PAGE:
Men and women needn't be awake to experience the world differently, a study suggests: Even our bad dreams are quite different. A study of the dream journals of 572 people found that women's disturbing dreams tend to focus on social conflicts—friendships and romances gone south, for instance. Men, meanwhile, more often reported sleep jarred by disasters, whether floods or swarms of bugs. Neither sex, however, has more bad dreams, the Huffington Post notes. The participants logged nearly 10,000 dreams in the journals, and researchers at the University of Montreal used a sample of 253 nightmares and 431 bad dreams to arrive at their findings. The Telegraph explains the researchers' distinction between bad dreams and nightmares: We can sleep through bad dreams, but nightmares wake us up.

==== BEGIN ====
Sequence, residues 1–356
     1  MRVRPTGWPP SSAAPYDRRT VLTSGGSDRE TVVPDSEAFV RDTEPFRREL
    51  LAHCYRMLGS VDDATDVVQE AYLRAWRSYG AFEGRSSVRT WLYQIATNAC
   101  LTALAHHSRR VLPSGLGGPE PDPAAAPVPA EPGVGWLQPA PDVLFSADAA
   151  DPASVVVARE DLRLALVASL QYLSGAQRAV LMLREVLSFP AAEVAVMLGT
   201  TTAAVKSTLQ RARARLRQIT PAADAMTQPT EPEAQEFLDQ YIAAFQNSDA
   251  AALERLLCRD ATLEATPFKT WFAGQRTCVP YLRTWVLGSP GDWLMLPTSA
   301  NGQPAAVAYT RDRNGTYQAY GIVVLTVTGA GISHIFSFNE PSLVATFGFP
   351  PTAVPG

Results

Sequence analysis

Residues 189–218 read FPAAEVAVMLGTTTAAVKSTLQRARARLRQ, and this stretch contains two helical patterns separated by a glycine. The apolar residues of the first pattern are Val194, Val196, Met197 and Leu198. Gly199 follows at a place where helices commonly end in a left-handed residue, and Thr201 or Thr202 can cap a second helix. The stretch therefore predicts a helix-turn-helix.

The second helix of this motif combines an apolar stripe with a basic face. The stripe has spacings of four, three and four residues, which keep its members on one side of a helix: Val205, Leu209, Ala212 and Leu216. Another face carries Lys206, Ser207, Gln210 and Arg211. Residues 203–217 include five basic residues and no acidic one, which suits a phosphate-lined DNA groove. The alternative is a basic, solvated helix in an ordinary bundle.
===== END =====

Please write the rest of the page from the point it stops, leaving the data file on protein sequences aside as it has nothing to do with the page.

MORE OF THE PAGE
"Physical threats are more likely to characterize nightmares whereas psychological threats, including threats to self-esteem, are more prominent in bad dreams," the researchers observe in the study, published in the journal SLEEP. Though the main emotion in 65% of nightmares and 45% of bad dreams was fear, that wasn't always the case—anger, sadness, or confusion also dominated some dreams. Two interesting findings: Only 1.5% of the sampled nightmares and bad dreams involved themes of falling, and nightmares don't always end badly. Write the researchers, "22% of all nightmares and 38% of bad dreams contained either a partially positive or entirely positive outcome (eg, taking control over a situation, being finally saved or rescued)."